Where does the time go?
It seems like we just brought the summer clothes out of storage and it’s already time to put them away in favor of winter wear. Then we need to figure out the menu and other details for Thanksgiving, prepare the gift lists and then shop for Christmas. Not to mention dispose of the jack-o-lanterns and leftover candy.
Because Halloween is over. A cold, windy and snow strewn Halloween for us this year.
That’s one thing about living up here in the North Country. We have an advantage of sorts. A distinct change in the weather, rather temperature that alerts us to the arrival of the next season be that spring, summer, fall or winter.
Which brings me to the topic for this week – pacing.
A while back, I was happily writing along on my current wip, took my characters through the steps of this event and that to the final chapter. I finished the last sentence, proofed for typos and such, then sent the manuscript in.
My first edits came back with overall suggestions to expand on some story arcs. But what really caught my attention were notes, questions really, at the beginning of a couple of key chapters. Specifically, my editor wanted to know – “How much time has passed?”
Apparently I had made clear where my characters were, who they were with, how they felt, what they were doing and why. However, I’d failed to explain in what exact sequence all of this activity took place and, in relation to what had happened before.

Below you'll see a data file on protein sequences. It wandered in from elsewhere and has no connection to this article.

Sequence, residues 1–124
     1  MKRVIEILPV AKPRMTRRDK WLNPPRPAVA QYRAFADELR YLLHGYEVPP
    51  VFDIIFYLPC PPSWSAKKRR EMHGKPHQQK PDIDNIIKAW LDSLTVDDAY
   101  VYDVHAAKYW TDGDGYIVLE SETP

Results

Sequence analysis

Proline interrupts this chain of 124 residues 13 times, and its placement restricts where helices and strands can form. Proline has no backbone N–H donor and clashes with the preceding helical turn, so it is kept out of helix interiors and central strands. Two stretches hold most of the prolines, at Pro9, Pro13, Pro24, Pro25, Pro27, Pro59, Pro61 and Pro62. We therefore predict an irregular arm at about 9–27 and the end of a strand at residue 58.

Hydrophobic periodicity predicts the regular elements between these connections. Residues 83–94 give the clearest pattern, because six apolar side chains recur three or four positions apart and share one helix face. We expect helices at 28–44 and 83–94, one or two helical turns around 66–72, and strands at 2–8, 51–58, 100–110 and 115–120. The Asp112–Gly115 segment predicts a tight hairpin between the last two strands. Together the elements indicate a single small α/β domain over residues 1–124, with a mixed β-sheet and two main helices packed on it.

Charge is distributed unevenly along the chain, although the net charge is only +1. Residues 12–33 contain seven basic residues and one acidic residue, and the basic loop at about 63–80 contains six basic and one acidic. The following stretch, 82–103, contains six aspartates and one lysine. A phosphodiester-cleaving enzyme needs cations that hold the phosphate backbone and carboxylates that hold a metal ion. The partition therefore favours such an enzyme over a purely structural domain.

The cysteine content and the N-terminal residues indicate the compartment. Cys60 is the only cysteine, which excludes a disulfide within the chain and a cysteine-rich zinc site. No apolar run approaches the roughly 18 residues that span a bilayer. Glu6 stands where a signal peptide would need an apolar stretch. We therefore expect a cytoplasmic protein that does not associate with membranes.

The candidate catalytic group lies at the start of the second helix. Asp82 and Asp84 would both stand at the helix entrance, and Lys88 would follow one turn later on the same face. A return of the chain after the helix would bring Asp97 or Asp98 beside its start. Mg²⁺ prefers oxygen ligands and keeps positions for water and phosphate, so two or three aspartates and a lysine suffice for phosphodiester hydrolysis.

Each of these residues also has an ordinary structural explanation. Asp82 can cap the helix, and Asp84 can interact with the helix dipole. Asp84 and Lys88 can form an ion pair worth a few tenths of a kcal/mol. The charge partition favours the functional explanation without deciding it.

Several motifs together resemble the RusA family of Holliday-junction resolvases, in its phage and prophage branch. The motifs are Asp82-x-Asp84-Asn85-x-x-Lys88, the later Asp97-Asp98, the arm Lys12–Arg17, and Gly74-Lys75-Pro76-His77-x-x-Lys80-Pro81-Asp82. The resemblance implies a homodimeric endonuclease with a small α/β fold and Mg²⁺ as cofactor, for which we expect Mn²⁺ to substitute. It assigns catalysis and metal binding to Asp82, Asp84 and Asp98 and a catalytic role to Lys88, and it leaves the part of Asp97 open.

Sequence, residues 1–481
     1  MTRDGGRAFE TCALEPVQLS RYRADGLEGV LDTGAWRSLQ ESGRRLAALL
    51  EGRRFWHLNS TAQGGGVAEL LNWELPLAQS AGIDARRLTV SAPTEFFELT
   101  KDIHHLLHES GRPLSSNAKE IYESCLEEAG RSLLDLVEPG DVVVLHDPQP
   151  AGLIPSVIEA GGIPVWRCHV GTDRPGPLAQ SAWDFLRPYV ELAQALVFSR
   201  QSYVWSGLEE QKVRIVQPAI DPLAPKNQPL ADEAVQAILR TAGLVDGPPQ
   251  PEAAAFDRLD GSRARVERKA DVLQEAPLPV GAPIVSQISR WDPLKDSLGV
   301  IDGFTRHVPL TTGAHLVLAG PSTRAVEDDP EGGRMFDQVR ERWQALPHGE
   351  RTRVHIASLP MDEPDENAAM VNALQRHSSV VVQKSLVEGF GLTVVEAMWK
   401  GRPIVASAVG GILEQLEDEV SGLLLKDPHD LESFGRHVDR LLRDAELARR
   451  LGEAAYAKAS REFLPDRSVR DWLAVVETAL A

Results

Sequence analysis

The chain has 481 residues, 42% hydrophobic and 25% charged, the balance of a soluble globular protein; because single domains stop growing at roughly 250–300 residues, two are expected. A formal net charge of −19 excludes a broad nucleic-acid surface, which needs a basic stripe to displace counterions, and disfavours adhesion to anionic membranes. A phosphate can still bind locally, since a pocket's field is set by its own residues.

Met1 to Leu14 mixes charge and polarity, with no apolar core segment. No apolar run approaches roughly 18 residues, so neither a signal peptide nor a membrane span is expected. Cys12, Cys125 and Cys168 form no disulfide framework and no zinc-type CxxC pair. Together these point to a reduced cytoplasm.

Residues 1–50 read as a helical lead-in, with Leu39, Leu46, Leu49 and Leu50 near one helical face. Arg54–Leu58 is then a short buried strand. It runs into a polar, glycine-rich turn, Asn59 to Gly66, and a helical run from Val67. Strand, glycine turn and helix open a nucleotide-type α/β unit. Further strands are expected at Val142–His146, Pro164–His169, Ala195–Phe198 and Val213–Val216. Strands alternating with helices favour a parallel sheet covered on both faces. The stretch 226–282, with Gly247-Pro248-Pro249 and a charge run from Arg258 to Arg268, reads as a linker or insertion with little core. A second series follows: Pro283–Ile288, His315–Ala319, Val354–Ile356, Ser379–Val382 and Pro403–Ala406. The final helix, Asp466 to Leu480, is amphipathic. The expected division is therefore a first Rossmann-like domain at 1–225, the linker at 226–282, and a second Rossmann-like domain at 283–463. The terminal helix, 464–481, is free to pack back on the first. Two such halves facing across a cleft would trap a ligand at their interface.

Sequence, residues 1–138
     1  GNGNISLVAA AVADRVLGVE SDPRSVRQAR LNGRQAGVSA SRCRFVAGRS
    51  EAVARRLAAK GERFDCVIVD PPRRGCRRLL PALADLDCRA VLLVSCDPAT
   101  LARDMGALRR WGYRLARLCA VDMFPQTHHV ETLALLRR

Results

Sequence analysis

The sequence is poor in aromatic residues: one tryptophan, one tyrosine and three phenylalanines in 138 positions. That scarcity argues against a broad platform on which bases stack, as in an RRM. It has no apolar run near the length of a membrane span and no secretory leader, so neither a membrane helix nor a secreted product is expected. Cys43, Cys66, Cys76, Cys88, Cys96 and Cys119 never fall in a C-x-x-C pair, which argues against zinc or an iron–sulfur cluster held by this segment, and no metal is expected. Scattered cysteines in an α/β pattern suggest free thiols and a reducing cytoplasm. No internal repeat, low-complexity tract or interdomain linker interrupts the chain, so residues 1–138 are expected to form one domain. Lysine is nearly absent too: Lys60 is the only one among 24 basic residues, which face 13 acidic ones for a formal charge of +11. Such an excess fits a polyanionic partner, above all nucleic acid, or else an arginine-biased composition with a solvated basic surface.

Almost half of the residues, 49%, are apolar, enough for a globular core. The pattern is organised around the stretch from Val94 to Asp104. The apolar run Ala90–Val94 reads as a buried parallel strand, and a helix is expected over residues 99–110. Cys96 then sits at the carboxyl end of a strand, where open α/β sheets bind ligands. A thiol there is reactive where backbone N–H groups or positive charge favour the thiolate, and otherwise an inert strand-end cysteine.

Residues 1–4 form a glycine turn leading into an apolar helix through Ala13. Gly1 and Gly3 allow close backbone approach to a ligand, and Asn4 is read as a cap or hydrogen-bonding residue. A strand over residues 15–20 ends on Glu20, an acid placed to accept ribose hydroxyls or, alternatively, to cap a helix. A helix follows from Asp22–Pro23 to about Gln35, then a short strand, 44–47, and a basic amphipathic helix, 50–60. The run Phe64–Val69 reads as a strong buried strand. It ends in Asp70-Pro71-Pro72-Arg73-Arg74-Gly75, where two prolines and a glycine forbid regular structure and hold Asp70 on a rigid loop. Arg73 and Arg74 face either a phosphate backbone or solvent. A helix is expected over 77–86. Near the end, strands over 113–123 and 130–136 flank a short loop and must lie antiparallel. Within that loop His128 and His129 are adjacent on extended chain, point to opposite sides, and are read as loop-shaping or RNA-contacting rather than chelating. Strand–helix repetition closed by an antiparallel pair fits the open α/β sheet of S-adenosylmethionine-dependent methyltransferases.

That kind of fix is easy enough with lines such as;
It had been six days since . . .
Over the past several weeks . . .
In the ensuing months . . .
At noon the next day . . .
You get the idea.
In my mind, such as it is, I was well aware of the timeline as it pertained to what was going on. I just made one mistake. I hadn’t allowed my reader to arrive at a similar sense of awareness.
Tricky stuff. Knowing what’s going on in the story you’re writing doesn’t necessarily mean you know what’s going on in the story you’re writing.
Purpose: To share and encourage. Writers can express doubts and concerns without fear of appearing foolish or weak. Those who have been through the fire can offer assistance and guidance. It’s a safe haven for insecure writers of all kinds!
Posting: The first Wednesday of every month is officially Insecure Writer’s Support Group day. Post your thoughts on your own blog. Talk about your doubts and the fears you have conquered. Discuss your struggles and triumphs. Offer a word of encouragement for others who are struggling. Visit others in the group and connect with your fellow writer – aim for a dozen new people each time.
Let’s rock the neurotic writing world!